The adoptees were defined to have HR for schizophrenia spectrum disorders, if they were given up for adoption by a mother with a verified diagnosis of a broad schizophrenia spectrum disorder. The LR adoptees had a biological mother who had either a non-spectrum diagnosis or no psychiatric diagnosis [42]. The final study population (n = 382) of the Finnish Adoptive Family Study of Schizophrenia was comprised of 190 adoptees at HR and 192 adoptees at LR for schizophrenia spectrum disorders [42, 44].
The current study sample consists of 171 adoptees (43 h adoptees, 128 LR adoptees) and their adoptive families for whom the information of time in preadoption out-of-home care, family functioning and time with biological mother was available for statistical analyses.
An attrition analysis (Table S1, available online) was conducted to examine whether the current study sample (n = 171) differed from those not included in the analyses. The current study sample differed statistically significantly from the not-included adoptees with regard to their genetic status (HR adoptees: 25.1% vs. 69.7%, p < 0.001) and time spent with biological mother (one month or more, 49.7% vs. 30.6%, p = 0.010).

Measures

Psychiatric disorders of the adoptees

The adoptees’ psychiatric disorders were based on DSM-III-R [45] diagnostic classification and its criteria, which were in use when the research diagnoses were verified. DSM-III-R is a descriptive classification system, compatible with the current DSM-5 version [47], and their criteria are mainly similar. The category of schizophrenia spectrum disorders included diagnoses for schizophrenia, the odd-cluster personality disorders (schizotypal, schizoid and paranoid personality disorders plus avoidant personality disorder), non-schizophrenic non-affective psychoses (schizoaffective, schizophreniform, and delusional disorders and psychotic disorder not otherwise specified), and affective psychoses (bipolar and depressive disorders with psychotic features). The psychiatric disorders other than schizophrenia spectrum disorders included all the non-schizophrenia spectrum disorders [43].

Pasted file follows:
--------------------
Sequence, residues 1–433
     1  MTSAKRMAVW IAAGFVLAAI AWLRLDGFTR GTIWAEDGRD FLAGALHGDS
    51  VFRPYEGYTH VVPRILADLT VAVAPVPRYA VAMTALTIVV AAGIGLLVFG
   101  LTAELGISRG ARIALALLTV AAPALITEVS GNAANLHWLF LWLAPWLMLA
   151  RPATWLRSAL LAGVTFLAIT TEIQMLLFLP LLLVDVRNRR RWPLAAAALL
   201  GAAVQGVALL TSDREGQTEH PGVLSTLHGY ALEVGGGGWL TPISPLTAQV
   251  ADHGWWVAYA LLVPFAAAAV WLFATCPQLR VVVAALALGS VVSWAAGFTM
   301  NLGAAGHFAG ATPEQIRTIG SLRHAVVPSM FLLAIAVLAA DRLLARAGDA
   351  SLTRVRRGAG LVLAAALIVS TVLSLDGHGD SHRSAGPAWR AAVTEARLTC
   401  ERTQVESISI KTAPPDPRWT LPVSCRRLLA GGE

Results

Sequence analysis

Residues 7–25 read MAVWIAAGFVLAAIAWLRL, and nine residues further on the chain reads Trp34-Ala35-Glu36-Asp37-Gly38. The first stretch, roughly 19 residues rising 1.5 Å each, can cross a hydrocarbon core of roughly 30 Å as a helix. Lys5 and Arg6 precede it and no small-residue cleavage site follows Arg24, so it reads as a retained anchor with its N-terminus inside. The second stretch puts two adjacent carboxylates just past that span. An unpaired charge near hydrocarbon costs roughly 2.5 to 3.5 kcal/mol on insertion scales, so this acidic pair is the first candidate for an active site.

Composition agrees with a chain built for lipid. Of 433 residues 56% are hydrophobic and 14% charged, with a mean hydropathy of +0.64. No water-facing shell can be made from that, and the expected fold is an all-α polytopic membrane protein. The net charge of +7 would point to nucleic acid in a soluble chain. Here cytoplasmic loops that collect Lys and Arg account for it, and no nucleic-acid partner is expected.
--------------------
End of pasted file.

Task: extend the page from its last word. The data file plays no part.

The DSM-III-R diagnoses of the adoptees were made by personal interviews and from hospital records and other diagnostically significant sources available [43]. At the time of the initial assessment, the adoptees’ median age was 23 years (IQR 17–33 years). The final diagnostic evaluation of the adoptees took place 21 years after the initial assessment when adoptees’ median age was 44 years (IQR 38–52). The psychiatrists who made the diagnostic evaluations were blinded to the adoptees’ genetic risk status and prior psychiatric evaluations. The psychiatric status of the adoptees was defined as the hierarchically most severe lifetime diagnosis [40, 43, 46]. The kappa coefficient for interrater reliability of the adoptees’ diagnoses was 0.71–0.80 [42].
In this study, the adoptees’ psychiatric disorders were classified into two categories: (1) any diagnosed psychiatric disorder (both schizophrenia spectrum disorders and other than schizophrenia spectrum disorders) and (2) no psychiatric diagnosis. The classification was based on the accumulating evidence that genetic liability for schizophrenia increases the risk not only for schizophrenia but also for other psychiatric disorders in the offspring of a parent with schizophrenia [48, 49]. Also, many adverse childhood stressors, such as aberrant mother-child interaction and dysfunctional family relationships, are documented to be common precursors for a wide range of psychiatric disorders [50, 51].